Children come into play for the first time since Seisen no Keifu (FE4), and Intelligent Systems learned some lessons from that 19 year old game. Characters support up to “A” generally – unlike past games, characters can support up to “A” for all of their supports, there are no limits – but for certain male/female pairings, a person can pair up and get to “S” support, an option new to the series. This indicates that the couple is married, and first generation characters can have children. The children are set to their mother – for example, Cynthia will always be Sumia’s daughter, no matter what – and have different traits depending on who their father is, such as different hair colour, different available classes, the last skill from both parents, and different growths. Those traits band together to ensure that the children effectively break the latter half of the game; the first generation characters, with few exceptions, just can’t keep up with their kids, and in some cases, pairing up particularly strong or advanced characters can lead to hilarious results, like my Donnel and Sully offspring that immediately started dual-shotting archers, as a knight. Those children can also marry each other, and while they don’t have offspring of their own, they can still enjoy the support bonuses from marriage.
All of this comes together on the maps themselves, where battles are waged. The standard Fire Emblem weapon triangle, a rock-paper-scissors setup with lances, axes and swords, comes back, and the advantages seem more pronounced than in games past, with the right weapon both adding and decreasing damage. Good stats will still overcome the weapon type, but it’s not something that can be outright ignored anymore. Magic was also tweaked, though I’m not entirely sure it was for the better. There’s still three types of magic, but there’s no triangle to them like there was in FE7 or Sacred Stones. However, some magics do have their own advantages; thunder magic tends to have a higher critical rate, fire magic tends to be more powerful, and wind magic has an advantage against flying units. Unless you’re using a really low magic unit, there’s just not much point in using fire; the chance for higher critical hits or being able to attack a flying unit are simply to good to ignore, and when using magic, there’s really no strategy to it; it’s just a matter of attacking the enemy, and making sure a flying unit doesn’t get in the way of a wind tome. One major addition is the ability to pair up units. It’s similar to the rescue mechanic of past games, but whereas rescuing units carried movement and stat penalties for the carrying unit, in FE:A, there is no “carrying” unit; both units travel together, with the movement stats of the front unit, and they can be switched post-move so that the back unit can attack. Therefore, a General can combine with a Falcon Knight, the Falcon Knight can fly with both of them, and the general can attack on the same turn. Adding to this is the support system, which has any one unit next to an attacking unit having the ability, based on percentage, to do a follow-up attack or defend the primary unit from damage; if units are paired, it will definitely be that unit. Furthermore, when units attack adjacent to units that they’re compatible with – meaning, they can have support conversations with them – their is a larger stat boost, and as support level increases, the chances of attacking and defending in co-op attacks increases. This is yet another game changer that opens up a lot of possibilities for strategy, and also helps with getting unit support conversations unlocked.
All in all, this is the deepest Fire Emblem game in the series’ history. The options given to the player, as well as map layouts, difficulty options, and other assorted sundries, make this a game that fans will be able to play for years. The game’s post-release support thus far shows that’s going to be the case, with a combination of free SpotPass updates that give players free items, characters from past games and other assorted goodies, and paid DLC maps. The DLC maps can get expensive – a three pack map usually costs $6.50 – but they play deep, with lots of units and experience for the player’s units that carries over to the main game. Winning DLC stages often get players new items and a new, improved character from past games (I.E.: the Marth you win in the DLC stages is different than the one you can recruit on SpotPass). However, the DLC maps won’t mean as much to players coming into Fire Emblem fresh as it will for those who have played past games in the series. Not only do they contain the names and pictures of characters from the past games, but they utilize touches like the map and battle music from them, too. Fans that came into the series with Eliwood’s game will have their mark-out moment when the map theme hits; personally, my biggest one came when I heard the battle music from Seisen no Keifu. What are minor, insignificant touches to the average fan will mean the world to those who have been around the block. Nintendo is still releasing content for the game, so expect replayability well into the future.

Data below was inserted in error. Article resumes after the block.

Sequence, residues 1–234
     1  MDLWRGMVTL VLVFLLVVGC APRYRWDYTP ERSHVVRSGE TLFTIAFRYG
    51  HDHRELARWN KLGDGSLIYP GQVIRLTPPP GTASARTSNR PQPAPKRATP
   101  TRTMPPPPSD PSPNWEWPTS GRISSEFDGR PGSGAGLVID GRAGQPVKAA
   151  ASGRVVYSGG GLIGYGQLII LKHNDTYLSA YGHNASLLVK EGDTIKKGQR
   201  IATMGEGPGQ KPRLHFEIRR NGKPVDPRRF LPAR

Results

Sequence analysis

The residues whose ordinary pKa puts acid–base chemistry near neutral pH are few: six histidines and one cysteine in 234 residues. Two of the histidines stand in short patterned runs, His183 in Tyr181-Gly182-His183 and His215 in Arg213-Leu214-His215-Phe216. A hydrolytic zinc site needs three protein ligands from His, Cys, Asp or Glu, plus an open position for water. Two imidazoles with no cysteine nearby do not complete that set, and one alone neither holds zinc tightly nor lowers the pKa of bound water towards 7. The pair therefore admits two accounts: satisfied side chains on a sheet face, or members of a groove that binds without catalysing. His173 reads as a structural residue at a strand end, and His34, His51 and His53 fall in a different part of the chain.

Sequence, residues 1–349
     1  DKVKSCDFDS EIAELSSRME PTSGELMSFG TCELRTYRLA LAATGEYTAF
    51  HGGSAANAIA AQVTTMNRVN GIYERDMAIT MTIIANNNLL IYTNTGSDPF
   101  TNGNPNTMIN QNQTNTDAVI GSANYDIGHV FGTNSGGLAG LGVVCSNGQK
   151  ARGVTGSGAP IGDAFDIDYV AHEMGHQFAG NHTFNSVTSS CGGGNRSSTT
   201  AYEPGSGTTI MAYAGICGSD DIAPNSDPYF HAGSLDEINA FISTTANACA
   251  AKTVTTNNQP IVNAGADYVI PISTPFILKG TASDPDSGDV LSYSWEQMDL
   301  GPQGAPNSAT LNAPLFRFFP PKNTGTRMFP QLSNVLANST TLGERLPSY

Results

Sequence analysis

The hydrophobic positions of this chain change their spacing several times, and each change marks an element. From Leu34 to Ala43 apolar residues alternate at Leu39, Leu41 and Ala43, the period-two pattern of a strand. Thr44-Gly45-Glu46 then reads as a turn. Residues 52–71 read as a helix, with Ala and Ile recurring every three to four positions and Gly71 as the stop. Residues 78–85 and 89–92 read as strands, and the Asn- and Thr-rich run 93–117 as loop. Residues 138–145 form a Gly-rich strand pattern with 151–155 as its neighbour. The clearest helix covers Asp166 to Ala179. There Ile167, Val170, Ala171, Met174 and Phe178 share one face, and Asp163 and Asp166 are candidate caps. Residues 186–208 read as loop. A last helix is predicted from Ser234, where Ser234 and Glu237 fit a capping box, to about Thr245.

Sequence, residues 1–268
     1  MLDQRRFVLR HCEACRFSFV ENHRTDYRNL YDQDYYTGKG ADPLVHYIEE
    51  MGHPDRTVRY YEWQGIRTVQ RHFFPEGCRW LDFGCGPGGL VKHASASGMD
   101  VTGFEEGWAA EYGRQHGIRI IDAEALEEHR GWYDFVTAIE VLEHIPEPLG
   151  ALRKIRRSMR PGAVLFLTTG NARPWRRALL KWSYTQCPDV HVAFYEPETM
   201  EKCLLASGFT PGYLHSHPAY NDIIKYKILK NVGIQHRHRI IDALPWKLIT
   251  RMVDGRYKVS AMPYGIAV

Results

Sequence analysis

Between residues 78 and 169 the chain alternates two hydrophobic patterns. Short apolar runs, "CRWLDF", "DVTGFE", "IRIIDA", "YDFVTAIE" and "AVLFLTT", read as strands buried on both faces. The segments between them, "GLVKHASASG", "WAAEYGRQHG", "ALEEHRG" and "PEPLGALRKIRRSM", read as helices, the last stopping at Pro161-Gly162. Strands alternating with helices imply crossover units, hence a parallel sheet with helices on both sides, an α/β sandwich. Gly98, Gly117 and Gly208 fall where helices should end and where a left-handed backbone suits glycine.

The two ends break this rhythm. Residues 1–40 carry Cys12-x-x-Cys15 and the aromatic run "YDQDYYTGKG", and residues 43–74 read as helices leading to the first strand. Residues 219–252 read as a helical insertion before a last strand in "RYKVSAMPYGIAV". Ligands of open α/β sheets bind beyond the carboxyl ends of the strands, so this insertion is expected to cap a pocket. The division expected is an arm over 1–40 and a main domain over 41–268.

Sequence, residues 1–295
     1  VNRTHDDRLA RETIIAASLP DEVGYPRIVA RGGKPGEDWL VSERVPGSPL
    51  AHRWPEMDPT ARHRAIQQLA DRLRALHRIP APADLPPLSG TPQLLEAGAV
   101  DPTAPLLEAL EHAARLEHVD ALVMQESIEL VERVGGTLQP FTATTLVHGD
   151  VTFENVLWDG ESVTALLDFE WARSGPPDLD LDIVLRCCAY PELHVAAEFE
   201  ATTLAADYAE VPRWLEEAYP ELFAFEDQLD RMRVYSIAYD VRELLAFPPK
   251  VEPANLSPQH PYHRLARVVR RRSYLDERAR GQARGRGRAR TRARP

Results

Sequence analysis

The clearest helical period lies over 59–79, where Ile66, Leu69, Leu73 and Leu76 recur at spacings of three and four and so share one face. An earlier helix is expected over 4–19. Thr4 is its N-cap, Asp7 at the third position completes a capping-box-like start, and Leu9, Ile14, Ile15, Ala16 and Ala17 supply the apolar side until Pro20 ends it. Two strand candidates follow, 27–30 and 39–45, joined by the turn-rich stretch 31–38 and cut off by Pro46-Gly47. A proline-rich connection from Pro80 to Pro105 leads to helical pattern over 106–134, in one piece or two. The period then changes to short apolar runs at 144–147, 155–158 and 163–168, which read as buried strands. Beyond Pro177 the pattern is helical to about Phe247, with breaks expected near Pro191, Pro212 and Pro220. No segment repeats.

Fire Emblem: Awakening isn’t just the best game on the 3DS right now. It isn’t even just the best Fire Emblem game of all time. It goes beyond that. After playing this game since its release, and making sure I wasn’t just overdosing on hyperbole, I have to put this on the strategy RPG’s equivalent of a Mount Rushmore, alongside Final Fantasy Tactics, Shining Force II and Tactics Ogre. This is, without a doubt in my mind, in the conversation as one of the best SRPGs of all time. It simply must be experienced by anyone, whether they’re veterans of the genre or coming in. The minor quibbles I had with the game are utterly irrelevant. I cannot recommend Fire Emblem: Awakening strongly enough.
* Outstanding characterization and localization.
* Endless battles and customization options lead to limitless replayability.
* Outstanding post-release support.
* Different difficulty options cater to everyone from the hardcore to newbies.
* SpotPass options are outstanding.
* Occasional balance issues and difficulty spikes.
* Game is easy to “break”. Some characters and skills markedly better than others.
* DLC is pricey.
FINAL SCORE: A
Disclosure: Fire Emblem: Awakening was purchased by the reviewer. As of the writing of this review, the reviewer had beaten the main game on Normal/Classic and all available DLC/SpotPass maps, with 80 hours on his main save file. The reviewer was formerly the root administrator of the Fire Emblem: Sanctuary of Strategy